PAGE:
HIV Prevention Classes More Effective Prior to First Sexual Experience, Study Says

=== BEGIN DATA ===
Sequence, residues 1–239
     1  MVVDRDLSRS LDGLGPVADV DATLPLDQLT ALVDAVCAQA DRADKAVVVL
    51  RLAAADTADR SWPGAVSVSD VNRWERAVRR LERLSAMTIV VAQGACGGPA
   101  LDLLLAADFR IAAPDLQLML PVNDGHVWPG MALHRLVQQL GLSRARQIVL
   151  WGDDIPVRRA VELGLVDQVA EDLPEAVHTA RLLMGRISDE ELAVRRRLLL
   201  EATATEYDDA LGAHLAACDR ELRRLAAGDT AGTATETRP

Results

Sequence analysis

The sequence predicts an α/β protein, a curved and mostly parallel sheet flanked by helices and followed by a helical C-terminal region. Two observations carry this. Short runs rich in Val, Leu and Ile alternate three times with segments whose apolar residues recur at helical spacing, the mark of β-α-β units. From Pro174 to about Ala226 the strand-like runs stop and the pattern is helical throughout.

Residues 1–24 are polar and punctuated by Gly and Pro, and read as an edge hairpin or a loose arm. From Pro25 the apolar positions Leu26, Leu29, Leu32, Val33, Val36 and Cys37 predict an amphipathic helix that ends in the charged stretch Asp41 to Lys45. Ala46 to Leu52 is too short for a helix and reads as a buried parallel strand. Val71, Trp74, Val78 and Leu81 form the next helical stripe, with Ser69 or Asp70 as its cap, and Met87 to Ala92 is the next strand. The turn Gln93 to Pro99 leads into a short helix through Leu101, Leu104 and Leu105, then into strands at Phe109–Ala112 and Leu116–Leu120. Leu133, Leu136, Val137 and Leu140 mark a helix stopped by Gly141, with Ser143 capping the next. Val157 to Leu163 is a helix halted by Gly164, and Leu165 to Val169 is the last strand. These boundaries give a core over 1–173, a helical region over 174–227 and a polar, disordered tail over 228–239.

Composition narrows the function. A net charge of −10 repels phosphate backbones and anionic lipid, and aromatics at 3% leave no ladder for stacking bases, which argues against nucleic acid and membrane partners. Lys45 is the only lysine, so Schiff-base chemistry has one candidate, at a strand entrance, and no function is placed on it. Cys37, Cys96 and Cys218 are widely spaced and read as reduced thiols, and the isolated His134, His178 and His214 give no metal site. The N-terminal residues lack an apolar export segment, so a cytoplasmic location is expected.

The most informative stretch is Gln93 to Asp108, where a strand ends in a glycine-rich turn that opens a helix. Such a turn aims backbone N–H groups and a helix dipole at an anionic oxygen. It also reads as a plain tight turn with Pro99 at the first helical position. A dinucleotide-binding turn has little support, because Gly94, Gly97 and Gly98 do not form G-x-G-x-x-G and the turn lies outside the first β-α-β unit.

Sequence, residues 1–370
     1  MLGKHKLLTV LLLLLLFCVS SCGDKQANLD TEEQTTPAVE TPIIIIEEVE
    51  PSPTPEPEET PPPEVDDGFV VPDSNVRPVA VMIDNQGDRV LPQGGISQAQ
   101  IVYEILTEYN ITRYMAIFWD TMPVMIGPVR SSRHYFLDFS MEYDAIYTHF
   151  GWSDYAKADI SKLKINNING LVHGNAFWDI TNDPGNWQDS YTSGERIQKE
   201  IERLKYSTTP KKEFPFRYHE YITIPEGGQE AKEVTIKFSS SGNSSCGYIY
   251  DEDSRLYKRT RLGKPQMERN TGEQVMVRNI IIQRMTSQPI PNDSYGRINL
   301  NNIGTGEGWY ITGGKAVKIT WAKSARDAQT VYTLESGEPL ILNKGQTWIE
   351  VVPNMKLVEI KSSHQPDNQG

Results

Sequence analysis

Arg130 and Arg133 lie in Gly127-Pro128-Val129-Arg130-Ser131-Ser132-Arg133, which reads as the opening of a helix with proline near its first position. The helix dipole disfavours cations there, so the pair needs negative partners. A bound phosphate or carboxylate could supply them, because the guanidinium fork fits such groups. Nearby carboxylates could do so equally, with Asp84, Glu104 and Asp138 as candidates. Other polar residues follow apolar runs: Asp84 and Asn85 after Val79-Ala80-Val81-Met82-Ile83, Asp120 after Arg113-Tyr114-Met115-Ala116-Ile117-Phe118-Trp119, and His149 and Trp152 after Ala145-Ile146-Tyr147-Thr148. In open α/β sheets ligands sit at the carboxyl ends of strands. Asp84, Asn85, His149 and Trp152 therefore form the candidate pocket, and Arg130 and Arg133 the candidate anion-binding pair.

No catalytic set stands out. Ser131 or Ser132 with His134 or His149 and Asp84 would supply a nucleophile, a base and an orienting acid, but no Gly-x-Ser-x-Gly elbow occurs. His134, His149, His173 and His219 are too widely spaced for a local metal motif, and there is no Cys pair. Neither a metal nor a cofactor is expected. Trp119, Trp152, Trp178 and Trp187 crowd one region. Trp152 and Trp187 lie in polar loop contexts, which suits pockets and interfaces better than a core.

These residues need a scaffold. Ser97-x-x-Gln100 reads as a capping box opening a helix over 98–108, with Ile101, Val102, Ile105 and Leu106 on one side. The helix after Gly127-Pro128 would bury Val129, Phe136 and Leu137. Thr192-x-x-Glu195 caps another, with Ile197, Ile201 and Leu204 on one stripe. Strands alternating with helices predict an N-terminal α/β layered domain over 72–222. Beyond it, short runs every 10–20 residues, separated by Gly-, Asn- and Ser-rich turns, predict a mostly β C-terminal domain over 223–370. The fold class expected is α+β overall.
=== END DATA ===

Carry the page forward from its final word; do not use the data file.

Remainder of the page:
HIV prevention classes are more effective if they reach children before they become sexually active, according to a study in the October issue of the Archives of Pediatric and Adolescent Medicine, Reuters Health reports. About 4,000 ethnically diverse middle and high school-aged students from 10 schools took part in the study, which compared the effects of the Rochester AIDS Prevention Project for Youth, a "specially designed" HIV and STD prevention program that begins with lessons on general decision making before progressing to HIV/AIDS prevention, with traditional health classes. Students were interviewed before taking the class and 10 months later. Researchers found that students who were sexually active when they attended the classes were less likely to indicate that they would practice safe sex in the future, but those who had not yet had sex were more likely to say that they intended to practice safe sex when they did become sexually active. In addition, researchers found that students' "long-term" knowledge about safe sex and STD prevention and their belief in their ability to practice safe sex behavior was higher after participating in the RAPP program. The study's finding "indicates the need to begin testing interventions at younger ages before the transition to unhealthy behavioral choices has already begun," possibly in elementary school, Dr. David Siegel, the study's lead author, said. Sixty-three percent of middle school-aged boys and 30% of middle school-aged girls surveyed said they were sexually active. Drs. Bonita Stanton and Mark Gibson write in an accompanying editorial that the study demonstrates that it is possible to "shape the sexual behavior of teens" and "underscore[s]" the importance of reaching teens both before they are sexually active and after they have had sex (Rostler, Reuters Health, 10/16).This is part of the KHN Morning Briefing, a summary of health policy coverage from major news organizations. Sign up for an email subscription.